On Sunday Henry Paulson, the former Treasury secretary and a lifelong Republican, had an op-ed article about climate policy in The New York Times. In the article, he declared that man-made climate change is “the challenge of our time,” and called for a national tax on carbon emissions to encourage conservation and the adoption of green technologies. Considering the prevalence of climate denial within today’s GOP, and the absolute opposition to any kind of tax increase, this was a brave stand to take.
But not nearly brave enough. Emissions taxes are the Economics 101 solution to pollution problems; every economist I know would start cheering wildly if Congress voted in a clean, across-the-board carbon tax. But that isn’t going to happen in the foreseeable future. A carbon tax may be the best thing we could do, but we won’t actually do it.
Yet there are a number of second-best things (in the technical sense, as I’ll explain shortly) that we’re either doing or might do soon. And the question for Paulson and other conservatives who consider themselves environmentalists is whether they’re willing to accept second-best answers, and in particular whether they’re willing to accept second-best answers implemented by the other party. If they aren’t, their supposed environmentalism is an empty gesture.
Let me give some examples of what I’m talking about.
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First, consider rules like fuel efficiency standards, or “net metering” mandates requiring that utilities buy back the electricity generated by homeowners’ solar panels. Any economics student can tell you that such rules are inefficient compared with the clean incentives provided by an emissions tax. But we don’t have an emissions tax, and fuel efficiency rules and net metering reduce greenhouse gas emissions. So a question for conservative environmentalists: Do you support the continuation of such mandates, or are you with the business groups (spearheaded by the Koch brothers) campaigning to eliminate them and impose fees on home solar installations?
Second, consider government support for clean energy via subsidies and loan guarantees. Again, if we had an appropriately high emissions tax such support might not be necessary (there would be a case for investment promotion even then, but never mind). But we don’t have such a tax. So the question is: Are you OK with things like loan guarantees for solar plants, even though we know that some loans will go bad, Solyndra-style?
Finally, what about the Environmental Protection Agency’s proposal that it use its regulatory authority to impose large reductions in emissions from power plants? The agency is eager to pursue market-friendly solutions to the extent it can — basically by imposing emissions limits on states, while encouraging states or groups of states to create cap-and-trade systems that effectively put a price on carbon. But this will nonetheless be a partial approach that addresses only one source of greenhouse gas emissions. Are you willing to support this partial approach?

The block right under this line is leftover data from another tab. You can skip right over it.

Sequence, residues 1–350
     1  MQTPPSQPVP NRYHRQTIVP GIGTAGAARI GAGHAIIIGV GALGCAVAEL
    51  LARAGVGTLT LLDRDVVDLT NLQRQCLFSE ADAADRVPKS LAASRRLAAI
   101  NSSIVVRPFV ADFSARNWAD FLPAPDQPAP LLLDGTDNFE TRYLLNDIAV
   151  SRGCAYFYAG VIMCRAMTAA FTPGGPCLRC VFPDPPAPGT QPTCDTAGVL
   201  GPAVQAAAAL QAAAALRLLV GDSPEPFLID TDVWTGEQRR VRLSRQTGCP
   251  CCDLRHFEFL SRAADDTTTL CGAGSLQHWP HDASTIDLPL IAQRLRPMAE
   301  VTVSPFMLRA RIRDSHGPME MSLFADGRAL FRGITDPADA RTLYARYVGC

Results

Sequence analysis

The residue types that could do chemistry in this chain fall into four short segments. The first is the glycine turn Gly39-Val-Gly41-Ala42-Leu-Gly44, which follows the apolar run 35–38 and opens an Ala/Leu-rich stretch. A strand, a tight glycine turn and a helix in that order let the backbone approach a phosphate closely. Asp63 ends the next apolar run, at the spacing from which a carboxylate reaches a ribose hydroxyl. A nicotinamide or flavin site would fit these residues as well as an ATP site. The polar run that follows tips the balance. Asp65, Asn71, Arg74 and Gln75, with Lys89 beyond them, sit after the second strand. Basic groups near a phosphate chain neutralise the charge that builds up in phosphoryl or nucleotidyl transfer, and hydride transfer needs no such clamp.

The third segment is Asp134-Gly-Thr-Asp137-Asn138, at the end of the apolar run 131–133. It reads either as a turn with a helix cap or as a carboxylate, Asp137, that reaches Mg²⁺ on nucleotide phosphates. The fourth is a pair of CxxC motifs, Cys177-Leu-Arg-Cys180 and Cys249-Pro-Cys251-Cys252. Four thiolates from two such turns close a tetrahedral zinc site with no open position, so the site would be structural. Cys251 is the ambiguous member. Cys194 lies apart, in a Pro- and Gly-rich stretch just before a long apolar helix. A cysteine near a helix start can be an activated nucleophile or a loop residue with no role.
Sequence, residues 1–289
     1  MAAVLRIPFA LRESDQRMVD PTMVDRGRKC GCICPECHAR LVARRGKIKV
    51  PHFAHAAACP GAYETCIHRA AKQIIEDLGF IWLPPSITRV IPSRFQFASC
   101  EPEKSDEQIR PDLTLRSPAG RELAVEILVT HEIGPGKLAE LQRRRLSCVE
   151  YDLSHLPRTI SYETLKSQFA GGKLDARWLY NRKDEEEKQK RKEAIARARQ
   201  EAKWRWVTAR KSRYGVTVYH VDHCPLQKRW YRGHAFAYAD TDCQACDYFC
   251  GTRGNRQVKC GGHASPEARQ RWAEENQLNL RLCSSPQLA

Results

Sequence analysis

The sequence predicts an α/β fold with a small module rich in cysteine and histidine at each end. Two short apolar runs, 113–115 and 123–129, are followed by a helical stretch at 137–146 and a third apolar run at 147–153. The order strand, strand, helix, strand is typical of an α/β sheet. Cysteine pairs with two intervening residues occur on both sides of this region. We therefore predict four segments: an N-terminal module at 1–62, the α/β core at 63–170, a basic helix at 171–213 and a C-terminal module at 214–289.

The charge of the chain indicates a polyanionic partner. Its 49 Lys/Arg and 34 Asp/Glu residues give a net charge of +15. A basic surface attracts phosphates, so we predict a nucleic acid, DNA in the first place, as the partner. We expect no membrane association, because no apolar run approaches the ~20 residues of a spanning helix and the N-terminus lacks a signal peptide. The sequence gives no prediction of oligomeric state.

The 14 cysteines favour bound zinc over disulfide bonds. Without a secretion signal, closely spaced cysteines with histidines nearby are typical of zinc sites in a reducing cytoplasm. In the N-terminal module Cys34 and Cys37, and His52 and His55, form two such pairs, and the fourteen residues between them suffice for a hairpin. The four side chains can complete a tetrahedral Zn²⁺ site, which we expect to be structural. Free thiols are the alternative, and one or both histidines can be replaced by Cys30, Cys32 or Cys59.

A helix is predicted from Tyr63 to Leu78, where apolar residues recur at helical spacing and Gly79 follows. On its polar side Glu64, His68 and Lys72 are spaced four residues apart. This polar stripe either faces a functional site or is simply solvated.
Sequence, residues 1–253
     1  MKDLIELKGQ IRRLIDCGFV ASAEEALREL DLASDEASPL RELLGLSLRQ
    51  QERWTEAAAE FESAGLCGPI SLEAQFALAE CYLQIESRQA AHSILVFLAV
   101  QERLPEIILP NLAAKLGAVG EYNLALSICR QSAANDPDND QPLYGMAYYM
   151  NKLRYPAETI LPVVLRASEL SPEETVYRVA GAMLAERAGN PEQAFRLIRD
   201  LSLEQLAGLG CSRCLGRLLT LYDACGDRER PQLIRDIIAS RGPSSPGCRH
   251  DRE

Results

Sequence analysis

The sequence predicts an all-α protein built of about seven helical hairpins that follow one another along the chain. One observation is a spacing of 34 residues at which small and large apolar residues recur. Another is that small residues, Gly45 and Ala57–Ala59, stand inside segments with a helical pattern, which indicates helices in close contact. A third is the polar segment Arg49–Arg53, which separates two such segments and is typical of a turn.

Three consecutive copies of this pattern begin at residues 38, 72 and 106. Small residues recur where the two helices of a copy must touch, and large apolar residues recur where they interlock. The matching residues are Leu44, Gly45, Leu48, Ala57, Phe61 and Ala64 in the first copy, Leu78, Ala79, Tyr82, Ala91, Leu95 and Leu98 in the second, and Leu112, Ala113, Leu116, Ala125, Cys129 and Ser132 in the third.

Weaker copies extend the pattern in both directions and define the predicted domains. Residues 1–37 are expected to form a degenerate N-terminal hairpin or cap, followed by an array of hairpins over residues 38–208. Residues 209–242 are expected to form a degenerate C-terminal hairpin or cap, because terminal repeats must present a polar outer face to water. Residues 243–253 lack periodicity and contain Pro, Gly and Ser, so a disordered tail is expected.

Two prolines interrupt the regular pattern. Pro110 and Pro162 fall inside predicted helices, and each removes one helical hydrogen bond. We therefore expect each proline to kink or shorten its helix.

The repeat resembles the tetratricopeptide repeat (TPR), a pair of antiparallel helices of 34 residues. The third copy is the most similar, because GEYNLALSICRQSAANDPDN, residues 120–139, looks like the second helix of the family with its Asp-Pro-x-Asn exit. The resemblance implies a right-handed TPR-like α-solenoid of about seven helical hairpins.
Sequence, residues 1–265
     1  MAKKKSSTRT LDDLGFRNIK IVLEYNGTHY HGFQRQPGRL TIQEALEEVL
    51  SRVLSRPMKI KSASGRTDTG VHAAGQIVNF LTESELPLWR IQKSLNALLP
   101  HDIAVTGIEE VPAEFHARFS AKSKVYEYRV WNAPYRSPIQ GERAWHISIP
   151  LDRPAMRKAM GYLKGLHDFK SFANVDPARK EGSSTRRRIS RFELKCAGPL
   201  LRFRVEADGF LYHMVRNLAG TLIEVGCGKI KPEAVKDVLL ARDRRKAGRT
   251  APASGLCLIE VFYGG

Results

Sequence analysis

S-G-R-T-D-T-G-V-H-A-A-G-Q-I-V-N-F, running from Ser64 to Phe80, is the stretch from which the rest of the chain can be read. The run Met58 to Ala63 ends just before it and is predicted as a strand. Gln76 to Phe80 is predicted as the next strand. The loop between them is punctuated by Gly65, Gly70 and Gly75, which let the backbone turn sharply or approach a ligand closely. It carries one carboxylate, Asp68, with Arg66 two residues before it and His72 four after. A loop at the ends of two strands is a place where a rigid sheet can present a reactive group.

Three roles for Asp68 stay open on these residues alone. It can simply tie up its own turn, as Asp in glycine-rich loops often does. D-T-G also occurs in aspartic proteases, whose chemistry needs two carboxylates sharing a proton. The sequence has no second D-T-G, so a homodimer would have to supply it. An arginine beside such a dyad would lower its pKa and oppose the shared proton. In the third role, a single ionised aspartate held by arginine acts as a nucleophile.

By the way: Readers well versed in economics will recognize that I’m talking about what is technically known as the “theory of the second best.” According to this theory, distortions in one market — in this case, the fact that there are large social costs to carbon emissions, but individuals and firms don’t pay a price for emitting carbon — can justify government intervention in other, related markets. Second-best arguments have a dubious reputation in economics, because the right policy is always to eliminate the primary distortion, if you can. But sometimes you can’t, and this is one of those times.
Which brings me back to Paulson. In his op-ed he likens the climate crisis to the financial crisis he helped confront in 2008. Unfortunately, it’s not a very good analogy: In the financial crisis he could credibly argue that disaster was only days away, while the climate catastrophe will unfold over many decades.
So let me suggest a different analogy, one that he probably won’t like. In policy terms, climate action — if it happens at all — will probably look like health reform. That is, it will be an awkward compromise dictated in part by the need to appease special interests, not the clean, simple solution you would have implemented if you could have started from scratch. It will be the subject of intense partisanship, relying overwhelmingly on support from just one party, and will be the subject of constant, hysterical attacks. And it will, if we’re lucky, nonetheless do the job.
Did I mention that health reform is clearly working, despite its flaws?
The question for Paulson and those of similar views is whether they’re willing to go along with that kind of imperfection. If they are, welcome aboard.
© , New York Times News Service
Paul Krugman is a regular columnist for The New York Times.